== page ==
Niagara’s chief medical officer says more people are starting to avoid non-essential travel and are staying home.
While people had been going out more than they did in the first and second wave lockdowns, he said now the data “seems to be improving.”
“I think some of the additional messaging, some of what the province is continue to encourage is helping us get closer there,” Hirji told reporters Monday.
Mobility data shows more people are actually starting to stay home during the lockdown, he said.
“Obviously we would like to see something closer to what we were at the secondary even first lockdown, because the more sharply people reduce their being out and about, the more sharply we can hopefully bring cases back down and get to a position where we can start to reopen earlier,”
“The whole point of our stay-at-home orders is to keep people from being out and about and interacting with each other. That will reduce the spread of infection.”
He said modelling shows people need to reduce their interaction by about 40 per cent to really be effective, however behaviour is not on that trajectory yet.
People should trust the modelling, he added.
“I think the big thing we're seeing is both the Ontario and the national models seem to be extremely accurate predicting, at least over a few weeks, what we can expect and we should be really trusting them in terms of guiding some of our decision-making.”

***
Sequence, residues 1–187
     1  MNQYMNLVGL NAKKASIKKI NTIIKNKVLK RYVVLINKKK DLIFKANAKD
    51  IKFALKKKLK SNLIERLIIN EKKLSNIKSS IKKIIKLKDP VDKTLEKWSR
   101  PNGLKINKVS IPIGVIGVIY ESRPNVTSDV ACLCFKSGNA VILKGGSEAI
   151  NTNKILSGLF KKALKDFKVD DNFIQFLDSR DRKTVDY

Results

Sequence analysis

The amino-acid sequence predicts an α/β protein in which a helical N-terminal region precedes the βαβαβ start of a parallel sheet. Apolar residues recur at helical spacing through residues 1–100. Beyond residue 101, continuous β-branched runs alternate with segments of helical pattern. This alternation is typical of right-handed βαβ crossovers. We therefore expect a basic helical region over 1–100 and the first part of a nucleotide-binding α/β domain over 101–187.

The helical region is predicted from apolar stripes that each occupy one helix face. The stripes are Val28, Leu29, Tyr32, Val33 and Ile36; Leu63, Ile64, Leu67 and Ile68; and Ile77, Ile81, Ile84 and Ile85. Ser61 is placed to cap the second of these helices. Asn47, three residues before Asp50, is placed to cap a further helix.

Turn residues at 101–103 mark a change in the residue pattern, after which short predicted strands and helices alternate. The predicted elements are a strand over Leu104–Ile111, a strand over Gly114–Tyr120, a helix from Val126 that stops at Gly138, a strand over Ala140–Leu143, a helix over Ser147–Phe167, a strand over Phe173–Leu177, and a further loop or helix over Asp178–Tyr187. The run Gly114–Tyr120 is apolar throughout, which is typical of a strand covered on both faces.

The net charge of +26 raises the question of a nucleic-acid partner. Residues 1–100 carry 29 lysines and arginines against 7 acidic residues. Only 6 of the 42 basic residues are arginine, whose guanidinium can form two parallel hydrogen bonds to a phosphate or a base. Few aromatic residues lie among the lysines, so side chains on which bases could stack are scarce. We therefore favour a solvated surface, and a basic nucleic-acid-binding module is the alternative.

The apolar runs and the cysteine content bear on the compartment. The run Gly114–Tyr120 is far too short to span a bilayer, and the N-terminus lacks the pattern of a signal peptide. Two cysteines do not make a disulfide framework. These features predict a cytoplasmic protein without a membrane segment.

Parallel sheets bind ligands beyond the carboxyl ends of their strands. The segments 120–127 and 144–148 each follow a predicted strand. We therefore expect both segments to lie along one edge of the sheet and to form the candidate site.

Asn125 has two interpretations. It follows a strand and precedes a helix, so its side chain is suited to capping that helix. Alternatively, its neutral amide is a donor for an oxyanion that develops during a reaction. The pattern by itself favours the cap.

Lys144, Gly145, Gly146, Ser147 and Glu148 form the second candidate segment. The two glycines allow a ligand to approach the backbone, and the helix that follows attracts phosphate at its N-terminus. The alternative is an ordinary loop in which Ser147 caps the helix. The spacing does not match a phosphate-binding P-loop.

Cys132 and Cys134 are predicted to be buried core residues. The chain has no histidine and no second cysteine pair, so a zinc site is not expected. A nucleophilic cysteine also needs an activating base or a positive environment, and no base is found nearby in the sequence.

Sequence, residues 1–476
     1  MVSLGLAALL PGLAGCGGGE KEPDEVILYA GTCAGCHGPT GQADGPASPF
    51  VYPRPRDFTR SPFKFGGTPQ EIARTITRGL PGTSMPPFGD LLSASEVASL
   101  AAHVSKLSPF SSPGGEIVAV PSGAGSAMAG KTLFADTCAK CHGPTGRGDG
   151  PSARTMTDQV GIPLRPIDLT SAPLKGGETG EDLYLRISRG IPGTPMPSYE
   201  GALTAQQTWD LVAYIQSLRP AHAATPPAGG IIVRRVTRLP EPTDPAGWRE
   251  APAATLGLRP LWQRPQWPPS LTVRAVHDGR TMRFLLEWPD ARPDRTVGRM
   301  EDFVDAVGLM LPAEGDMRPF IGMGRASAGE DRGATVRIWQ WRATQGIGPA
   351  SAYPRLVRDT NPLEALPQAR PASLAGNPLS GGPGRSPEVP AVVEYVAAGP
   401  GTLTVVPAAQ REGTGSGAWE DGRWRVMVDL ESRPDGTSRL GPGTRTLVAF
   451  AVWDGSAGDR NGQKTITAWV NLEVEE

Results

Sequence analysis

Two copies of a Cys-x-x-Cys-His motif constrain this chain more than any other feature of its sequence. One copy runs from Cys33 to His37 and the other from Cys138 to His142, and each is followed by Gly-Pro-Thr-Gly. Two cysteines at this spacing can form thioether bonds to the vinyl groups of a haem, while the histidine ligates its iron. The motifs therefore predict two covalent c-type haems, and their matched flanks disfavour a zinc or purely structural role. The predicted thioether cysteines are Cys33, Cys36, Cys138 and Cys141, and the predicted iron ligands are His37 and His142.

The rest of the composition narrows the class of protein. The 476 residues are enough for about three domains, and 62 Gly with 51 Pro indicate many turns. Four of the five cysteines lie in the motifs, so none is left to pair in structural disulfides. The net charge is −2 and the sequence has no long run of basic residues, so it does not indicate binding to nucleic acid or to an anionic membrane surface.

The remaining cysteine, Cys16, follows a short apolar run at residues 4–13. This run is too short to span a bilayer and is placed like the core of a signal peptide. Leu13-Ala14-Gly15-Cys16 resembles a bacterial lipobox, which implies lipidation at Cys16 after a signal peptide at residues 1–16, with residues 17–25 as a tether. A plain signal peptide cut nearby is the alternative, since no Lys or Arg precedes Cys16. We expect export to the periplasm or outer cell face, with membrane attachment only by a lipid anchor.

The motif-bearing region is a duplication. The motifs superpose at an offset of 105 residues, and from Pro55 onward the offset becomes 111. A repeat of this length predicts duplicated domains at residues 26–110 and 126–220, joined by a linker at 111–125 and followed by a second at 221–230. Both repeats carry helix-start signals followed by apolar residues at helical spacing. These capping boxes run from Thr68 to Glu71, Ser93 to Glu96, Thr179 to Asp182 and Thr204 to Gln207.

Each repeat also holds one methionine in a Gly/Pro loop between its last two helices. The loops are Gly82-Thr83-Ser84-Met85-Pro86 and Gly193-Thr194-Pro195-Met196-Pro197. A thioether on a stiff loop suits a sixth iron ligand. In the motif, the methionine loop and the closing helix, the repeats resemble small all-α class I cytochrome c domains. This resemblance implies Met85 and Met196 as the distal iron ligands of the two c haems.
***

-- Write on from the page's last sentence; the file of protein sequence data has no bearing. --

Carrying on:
Another bit of positive news, Hirji said, is that Ontario has reported declining numbers of new cases.
“I’m hoping this means that we've passed the peak and things are actually on the way down now in terms of cases in Ontario — and we are about three weeks out from the stay-at-home order, so it does sort of fit with the timeline of when we would expect to start to see that impact,” Hirji said, adding that there’s still the possibility it is just a “blip” in the reporting.
Hospitalizations, however, are a “lagging indicator” and haven’t really started to fall. Hirji suspects those numbers will continue to rise.
Ontario has about 800 ICU admissions — much higher than the 150 “danger zone” that overwhelms hospitals, he said.
Modelling predicts ICU admissions won’t start to go down until early May. “So hopefully we might see end of next week a peaking of the ICU admissions and hospitalizations,” he said.